Sunday, December 13, 2009

'A Single Man'

Tom Ford's directorial debut 'A Single Man' opened in limited release on Friday and I enthusiastically attended a screening that night. Unfortunately I wasn't blown away or nearly as impressed with the film as many critics seem to be.
'A Single Man' tracks a day in the life of George Falconer (Colin Firth), a semi-closeted British college professor living in Southern California in the 1960s as he contemplates suicide. Structurally, the film flips back and forth between the present (where Falconer interacts with his students, neighbours, strangers and friends, specifically Julianne Moore) and his memories.
The film is beautifully shot and the art direction and wardrobe styling warrant the praise they are receiving. However, these elements are also the film's Achilles heels. Everything is so glossy and stylized that the film looks and feels like a fashion spread or advertisement and these elements detract from the emotional weight of the story. All the extras look like models and I found myself disengaging with the characters and their problems because my attention was being drawn to clothing or set pieces. In addition to the almost overwhelming stylization, special effects including super slow motion, heightened colour saturation and fades are employed with the intent to put us in Falconer's mind. Instead, though things look and sound great, it is distracting and as a result, the style of the film takes over its substance. Subtlety isn't what Ford is going for and his visual metaphors are also a little heavy handed.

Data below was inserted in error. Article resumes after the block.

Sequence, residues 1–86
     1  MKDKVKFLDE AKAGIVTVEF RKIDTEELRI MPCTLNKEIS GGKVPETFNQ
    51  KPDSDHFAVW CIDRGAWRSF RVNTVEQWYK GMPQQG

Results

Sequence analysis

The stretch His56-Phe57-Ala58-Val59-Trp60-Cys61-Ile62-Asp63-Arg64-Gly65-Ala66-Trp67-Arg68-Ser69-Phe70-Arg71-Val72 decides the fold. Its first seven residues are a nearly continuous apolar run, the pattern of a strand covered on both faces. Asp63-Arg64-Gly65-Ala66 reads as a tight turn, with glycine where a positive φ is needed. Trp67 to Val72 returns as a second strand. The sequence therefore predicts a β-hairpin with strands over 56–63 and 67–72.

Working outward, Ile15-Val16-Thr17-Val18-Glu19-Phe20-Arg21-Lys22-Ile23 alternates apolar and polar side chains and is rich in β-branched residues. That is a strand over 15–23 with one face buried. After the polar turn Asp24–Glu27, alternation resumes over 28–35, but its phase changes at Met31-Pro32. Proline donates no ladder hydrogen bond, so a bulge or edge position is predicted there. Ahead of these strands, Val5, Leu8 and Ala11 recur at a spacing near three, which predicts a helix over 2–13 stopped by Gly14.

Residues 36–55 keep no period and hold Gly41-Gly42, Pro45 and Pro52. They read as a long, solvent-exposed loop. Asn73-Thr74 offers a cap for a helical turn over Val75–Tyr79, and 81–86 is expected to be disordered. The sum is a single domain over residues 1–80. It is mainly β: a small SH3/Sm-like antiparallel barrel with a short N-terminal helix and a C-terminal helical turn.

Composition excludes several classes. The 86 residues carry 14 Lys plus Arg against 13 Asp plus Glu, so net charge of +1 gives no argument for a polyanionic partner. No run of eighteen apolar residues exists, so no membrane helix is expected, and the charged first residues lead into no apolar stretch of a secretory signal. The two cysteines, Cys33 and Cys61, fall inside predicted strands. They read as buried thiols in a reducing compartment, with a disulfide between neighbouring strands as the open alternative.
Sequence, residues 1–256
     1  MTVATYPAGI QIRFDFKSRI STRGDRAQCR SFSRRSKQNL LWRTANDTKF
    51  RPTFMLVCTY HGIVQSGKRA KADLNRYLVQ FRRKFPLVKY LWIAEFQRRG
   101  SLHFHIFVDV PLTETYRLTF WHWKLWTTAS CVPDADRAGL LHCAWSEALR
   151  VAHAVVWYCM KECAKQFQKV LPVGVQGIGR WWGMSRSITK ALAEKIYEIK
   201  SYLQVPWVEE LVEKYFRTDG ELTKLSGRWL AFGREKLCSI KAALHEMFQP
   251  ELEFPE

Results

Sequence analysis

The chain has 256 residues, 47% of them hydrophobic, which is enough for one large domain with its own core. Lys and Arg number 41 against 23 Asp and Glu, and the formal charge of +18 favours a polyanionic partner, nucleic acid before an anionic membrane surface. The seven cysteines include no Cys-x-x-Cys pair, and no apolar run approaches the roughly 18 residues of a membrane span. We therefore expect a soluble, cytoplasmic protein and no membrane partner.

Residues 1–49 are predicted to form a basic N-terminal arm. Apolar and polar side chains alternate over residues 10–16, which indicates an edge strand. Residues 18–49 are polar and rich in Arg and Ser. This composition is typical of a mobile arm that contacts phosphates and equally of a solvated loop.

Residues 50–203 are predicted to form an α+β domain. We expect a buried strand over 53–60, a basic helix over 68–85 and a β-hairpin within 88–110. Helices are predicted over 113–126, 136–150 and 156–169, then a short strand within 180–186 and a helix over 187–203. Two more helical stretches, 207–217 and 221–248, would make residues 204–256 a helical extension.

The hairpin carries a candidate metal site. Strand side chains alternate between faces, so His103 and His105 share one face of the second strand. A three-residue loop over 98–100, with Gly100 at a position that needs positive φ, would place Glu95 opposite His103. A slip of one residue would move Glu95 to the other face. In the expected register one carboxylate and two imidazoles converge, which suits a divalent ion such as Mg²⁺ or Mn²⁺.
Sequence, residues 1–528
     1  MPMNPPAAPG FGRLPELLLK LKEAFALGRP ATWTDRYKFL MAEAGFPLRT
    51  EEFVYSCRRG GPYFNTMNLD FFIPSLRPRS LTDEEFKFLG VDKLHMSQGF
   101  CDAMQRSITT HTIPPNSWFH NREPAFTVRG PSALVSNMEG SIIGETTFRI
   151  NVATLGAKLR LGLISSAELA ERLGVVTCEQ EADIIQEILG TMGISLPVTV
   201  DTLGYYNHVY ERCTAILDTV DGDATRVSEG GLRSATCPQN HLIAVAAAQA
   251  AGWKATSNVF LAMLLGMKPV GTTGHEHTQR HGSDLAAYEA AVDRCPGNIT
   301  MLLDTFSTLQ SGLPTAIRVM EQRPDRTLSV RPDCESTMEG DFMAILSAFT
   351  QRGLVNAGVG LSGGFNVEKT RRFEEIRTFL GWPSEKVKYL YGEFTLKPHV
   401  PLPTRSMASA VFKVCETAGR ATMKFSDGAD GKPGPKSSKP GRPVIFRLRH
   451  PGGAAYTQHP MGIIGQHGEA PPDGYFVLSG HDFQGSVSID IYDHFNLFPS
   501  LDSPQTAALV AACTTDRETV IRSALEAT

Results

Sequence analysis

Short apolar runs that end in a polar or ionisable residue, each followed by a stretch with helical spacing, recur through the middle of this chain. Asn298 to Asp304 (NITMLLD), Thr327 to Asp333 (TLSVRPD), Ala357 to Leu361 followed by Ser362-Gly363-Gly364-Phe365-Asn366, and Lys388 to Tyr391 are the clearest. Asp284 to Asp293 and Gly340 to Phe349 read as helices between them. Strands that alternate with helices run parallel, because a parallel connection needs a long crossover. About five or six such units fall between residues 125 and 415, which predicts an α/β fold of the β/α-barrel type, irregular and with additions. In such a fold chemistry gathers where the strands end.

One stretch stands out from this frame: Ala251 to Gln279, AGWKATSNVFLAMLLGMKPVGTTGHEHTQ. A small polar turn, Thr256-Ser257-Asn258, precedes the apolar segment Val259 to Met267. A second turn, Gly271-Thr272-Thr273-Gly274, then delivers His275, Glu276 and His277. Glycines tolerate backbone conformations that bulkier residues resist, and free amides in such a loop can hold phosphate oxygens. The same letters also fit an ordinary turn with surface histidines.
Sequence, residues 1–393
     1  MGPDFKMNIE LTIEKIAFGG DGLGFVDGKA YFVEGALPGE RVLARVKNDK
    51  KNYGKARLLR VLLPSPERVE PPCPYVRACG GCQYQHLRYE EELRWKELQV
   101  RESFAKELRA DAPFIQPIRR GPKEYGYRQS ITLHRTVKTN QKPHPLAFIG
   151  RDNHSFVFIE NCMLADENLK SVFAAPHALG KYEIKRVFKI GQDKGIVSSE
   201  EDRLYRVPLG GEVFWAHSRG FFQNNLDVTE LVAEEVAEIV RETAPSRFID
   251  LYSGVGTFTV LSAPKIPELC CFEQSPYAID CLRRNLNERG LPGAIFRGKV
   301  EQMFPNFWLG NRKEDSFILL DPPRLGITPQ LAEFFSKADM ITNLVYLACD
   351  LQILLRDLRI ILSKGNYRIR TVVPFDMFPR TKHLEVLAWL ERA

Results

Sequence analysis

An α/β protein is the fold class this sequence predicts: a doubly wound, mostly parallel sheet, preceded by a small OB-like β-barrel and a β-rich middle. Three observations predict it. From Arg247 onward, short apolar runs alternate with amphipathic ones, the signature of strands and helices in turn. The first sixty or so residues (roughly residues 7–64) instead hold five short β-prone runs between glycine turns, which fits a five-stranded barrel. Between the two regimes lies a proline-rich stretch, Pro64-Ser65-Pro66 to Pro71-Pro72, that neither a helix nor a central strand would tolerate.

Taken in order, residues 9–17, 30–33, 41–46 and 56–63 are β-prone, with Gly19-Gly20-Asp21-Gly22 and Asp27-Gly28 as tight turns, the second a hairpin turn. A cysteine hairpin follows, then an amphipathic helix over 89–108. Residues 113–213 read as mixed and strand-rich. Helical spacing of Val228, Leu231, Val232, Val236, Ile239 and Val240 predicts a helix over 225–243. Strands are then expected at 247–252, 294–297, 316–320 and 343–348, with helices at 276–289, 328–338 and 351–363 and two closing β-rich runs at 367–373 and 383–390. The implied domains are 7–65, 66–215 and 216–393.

Though Firth's performance is garnering all the accolades, I think the best thing about the movie is Julianne Moore's portrayal of the drunken, pathetic and fabulous Charley. She is luminous and vulnerable and funny and I wish her character had more screen time.
I appreciate that 'A Single Man' isn't your typical gay themed movie but at the same time, critics should ease up on heralding it as some kind of masterpiece.
Check out the trailer:

The End

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